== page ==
Marco's Blog

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Daughter of Fortune (I. Allende)

2007-05-31 2 min read Books marco

There is always something magical about South-American writers. They seem not to have forgotten how to write a novel – that it takes a story, then some chuzpa telling it, and a pinch of mystique in the presentation. All those things together make a compelling world in which you can get lost no matter where your physical self is.

The young Marquez had the gift, as the gigantic Isabel Allende. When you read their stories, they sound a lot alike: full of characters that are always described with humor in the mind; redolent with thoughtful and thoroughly researched descriptions of worlds the author does not know; filled with tension that finds its release on time, and slowdowns that never last too long.

Not many authors can do that well. Tolkien comes to mind, who could be the honorary patron of these Spanish writers. Capote would be the closest I can associate here in the States. Maybe Michener on a good day.

Daughter of Fortune is a wonderful book. It moves with ease between Chile and the wild California, describing two worlds – one that I know firsthand, the other one completely foreign to me – that come alive with a vengeance in the author’s lustful description.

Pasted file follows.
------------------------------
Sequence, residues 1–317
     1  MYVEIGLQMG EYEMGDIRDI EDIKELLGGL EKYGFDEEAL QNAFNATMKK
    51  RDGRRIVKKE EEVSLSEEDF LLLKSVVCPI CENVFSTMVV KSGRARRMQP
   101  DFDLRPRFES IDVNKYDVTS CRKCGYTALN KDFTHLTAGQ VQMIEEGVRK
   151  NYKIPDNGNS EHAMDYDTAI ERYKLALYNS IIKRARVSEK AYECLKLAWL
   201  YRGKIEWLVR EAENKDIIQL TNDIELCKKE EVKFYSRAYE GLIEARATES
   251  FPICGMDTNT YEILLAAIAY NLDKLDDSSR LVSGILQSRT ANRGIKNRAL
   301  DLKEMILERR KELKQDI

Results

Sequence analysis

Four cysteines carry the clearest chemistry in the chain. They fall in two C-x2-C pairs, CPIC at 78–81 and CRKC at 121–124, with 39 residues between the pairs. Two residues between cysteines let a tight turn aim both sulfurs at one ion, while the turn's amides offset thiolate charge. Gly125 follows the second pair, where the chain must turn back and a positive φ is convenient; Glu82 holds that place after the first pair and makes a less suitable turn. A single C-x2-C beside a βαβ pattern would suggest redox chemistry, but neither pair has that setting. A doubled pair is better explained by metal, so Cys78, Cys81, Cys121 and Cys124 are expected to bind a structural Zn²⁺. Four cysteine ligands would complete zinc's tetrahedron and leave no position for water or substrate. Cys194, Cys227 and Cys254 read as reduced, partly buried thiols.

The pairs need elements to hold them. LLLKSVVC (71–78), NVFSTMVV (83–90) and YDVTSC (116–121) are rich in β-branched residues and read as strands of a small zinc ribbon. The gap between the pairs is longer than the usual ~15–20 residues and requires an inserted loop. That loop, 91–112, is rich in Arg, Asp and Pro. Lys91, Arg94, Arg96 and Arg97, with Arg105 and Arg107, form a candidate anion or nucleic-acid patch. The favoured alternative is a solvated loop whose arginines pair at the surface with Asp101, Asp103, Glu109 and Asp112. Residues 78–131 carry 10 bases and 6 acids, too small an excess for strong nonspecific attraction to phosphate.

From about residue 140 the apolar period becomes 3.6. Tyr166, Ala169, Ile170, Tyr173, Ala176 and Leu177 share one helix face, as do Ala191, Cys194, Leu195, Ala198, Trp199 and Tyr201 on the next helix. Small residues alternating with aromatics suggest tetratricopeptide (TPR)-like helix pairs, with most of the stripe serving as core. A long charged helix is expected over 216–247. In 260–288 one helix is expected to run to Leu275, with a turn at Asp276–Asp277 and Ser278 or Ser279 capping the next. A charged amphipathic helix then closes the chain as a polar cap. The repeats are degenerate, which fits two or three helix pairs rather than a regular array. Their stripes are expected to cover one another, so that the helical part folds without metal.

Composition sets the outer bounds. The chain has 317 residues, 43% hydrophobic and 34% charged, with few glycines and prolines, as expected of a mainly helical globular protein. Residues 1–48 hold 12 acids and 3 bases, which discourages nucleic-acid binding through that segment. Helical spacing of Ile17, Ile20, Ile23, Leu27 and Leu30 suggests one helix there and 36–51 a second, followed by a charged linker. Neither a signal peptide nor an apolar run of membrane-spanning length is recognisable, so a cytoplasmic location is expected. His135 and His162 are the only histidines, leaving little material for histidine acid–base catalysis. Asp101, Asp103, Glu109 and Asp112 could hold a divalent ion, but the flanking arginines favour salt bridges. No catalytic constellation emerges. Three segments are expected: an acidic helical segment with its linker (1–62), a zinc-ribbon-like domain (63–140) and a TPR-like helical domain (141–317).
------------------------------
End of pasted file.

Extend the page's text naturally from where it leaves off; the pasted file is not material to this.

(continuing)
Sure, it’s a chick book: the heroines are all beautiful and chaste, the men all chivalrous and unchaste until their loved one dies. It’s a bit of a bore if you look at it from the viewpoint of the main characters. So you have to indulge in the surroundings: where they are, what they do, who they interact with. The atrocious inequalities in the California of the Gold Rush come to the fore with the same violence as the classist nature of Chile at the same time. The poverty surrounding all characters is palpable and real, and the contrast with the riches of the protagonists is appropriate, if reproachful.

The translation leaves a lot to be desired, as it isneither faithful, nor accurate. Once in a while, you’ll read a sentence in English, hear what it would have been in Spanish, and you are blown away by what it should have sounded like. And you realize it’s poetry in novel.